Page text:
A senior Conservative has called for a rethink of his own party's "calamitous" Brexit policy, warning a trade deal with Donald Trump's America would wipe out Scottish farmers.

Former MEP Struan Stevenson raised the spectre of falling subsidies and collapsing land prices while imports of cheap low-quality hormone-treated beef and chlorine-washed chicken destroyed domestic production.

Writing in The Herald, the veteran Tory echoed grave concerns expressed in this newspaper's Beyond Brexit series last month by both economists and farming analysts.

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Agenda: Struan Stevenson on how Rural Scotland is facing a post-Brexit meltdown

Mr Stevenson said: "When a hard Brexit means hurtling over the cliff’s edge and a soft Brexit means paying for EU membership but having no say, it is time to call a halt.

"Let us hope that Scotland’s farmers will add their voices to the growing nationwide clamour for a re-think on the calamitous course that the UK now seems to be pursuing."

His intervention comes amid open speculation that some of Theresa May's cabinet are looking for a way to reverse last year's Leave vote as the sheer economic, social and cultural damage it will wreak becomes increasingly clear.

Mr Stevenson, however, is one of very few Conservatives to break cover and make an outright call for the UK to remain in the European Union and the single market Britain did so much to create.

Agenda: Struan Stevenson on how Rural Scotland is facing a post-Brexit meltdown

The MEP for 15 years was voicing concerns over the fate of Scottish farming that have heightened ever since his party colleagues talked up the prospect of post-Brexit trade deals with English-speaking former colonies, such as American, Canada and New Zealand.

At the summit of the G20 group of industrialised nations US President Donald Trump this weekend spoke of a new agreement on trade with Britain "very quickly". Previously industry group Quality Meat Scotland warned that such a deal would mean a "downward spiral" for Scottish farmers who have specialised in high-quality healthy grass-fed beef which cannot compete on price with US meat. Such competition, Mr Stevenson added, would come just as Scottish farmers faced potential barriers to their trade with traditional export markets in the EU.

The former politician, now chief executive of pro-union group Scottish Business in UK, wrote: "The Brexiteers also claim that the EU’s protectionist policies discriminate against cheap food imports and force up food prices for British consumers.

Agenda: Struan Stevenson on how Rural Scotland is facing a post-Brexit meltdown

"In other words they want cheaper food following Brexit. That means throwing open UK markets to cheap food from Africa, Australia, North America, Brazil, and Argentina, causing chaos for UK farm gate prices, a further fall in land values and widespread bankruptcies. UK food self-sufficiency would plummet."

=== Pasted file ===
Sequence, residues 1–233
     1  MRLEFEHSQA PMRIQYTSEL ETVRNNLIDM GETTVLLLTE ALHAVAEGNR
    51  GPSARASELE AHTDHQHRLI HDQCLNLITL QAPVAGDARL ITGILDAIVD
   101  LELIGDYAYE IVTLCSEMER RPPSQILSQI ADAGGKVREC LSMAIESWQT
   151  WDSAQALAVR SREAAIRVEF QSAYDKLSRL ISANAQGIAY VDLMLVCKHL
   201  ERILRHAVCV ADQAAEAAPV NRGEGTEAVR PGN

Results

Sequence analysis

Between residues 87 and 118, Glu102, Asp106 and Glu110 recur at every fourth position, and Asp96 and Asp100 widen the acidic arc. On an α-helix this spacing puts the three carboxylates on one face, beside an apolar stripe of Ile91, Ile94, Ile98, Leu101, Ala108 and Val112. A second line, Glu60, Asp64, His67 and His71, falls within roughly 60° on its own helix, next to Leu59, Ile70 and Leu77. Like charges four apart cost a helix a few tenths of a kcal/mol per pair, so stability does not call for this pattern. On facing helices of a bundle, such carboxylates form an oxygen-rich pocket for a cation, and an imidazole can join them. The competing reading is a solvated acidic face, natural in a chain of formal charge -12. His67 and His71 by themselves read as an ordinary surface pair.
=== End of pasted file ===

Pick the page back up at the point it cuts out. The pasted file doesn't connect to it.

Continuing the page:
Farmers, he said, would face this price crunch as subsidies - currently paid by the EU - came under pressure from an austerity-driven UK Government. "Only the super-efficient, top 10 per cent of farm businesses could survive without them. Most farmers have thin margins, if they have any margins at all. The European Commission estimates that land prices would fall by 30 per cent if farm subsidies were totally abolished in the UK and they would fall sharply if subsidies were reduced. For farmers who have taken out bank loans against the value of their land, a loss of value could be fatal."

The National Farmers' Union echoed Mr Stevenson's concerns. Its Scottish chief executive, Scott Walker, said undoing four decades of EU agricultural policy would be a "significant challenge" and warned lower standards from new trading partners like America would mean poorer-quality food on the nation's shelves.

Mr Walker said: "We do not underestimate how difficult it will be to get a trade deal with Europe that continues to give us unfettered access to their market but it is vital that we achieve one. The EU is Scotland’s most important export market after the rest of the UK and it is vital, for farming and crofting, that tariff and barrier free access to Europe remains for our food and drink industry.

Agenda: Struan Stevenson on how Rural Scotland is facing a post-Brexit meltdown

“Unless farmers and crofters either receive much more for their products, or are supported to at least the current level, then the whole of the UK will become reliant on imported food. The result of this would be that we have no food security and no ability to feed our own country.

“Instead we would become totally reliant on others selling to us and the standards of food bought in supermarkets would be determined by the production standards in other countries rather than the high standards of production we set ourselves.”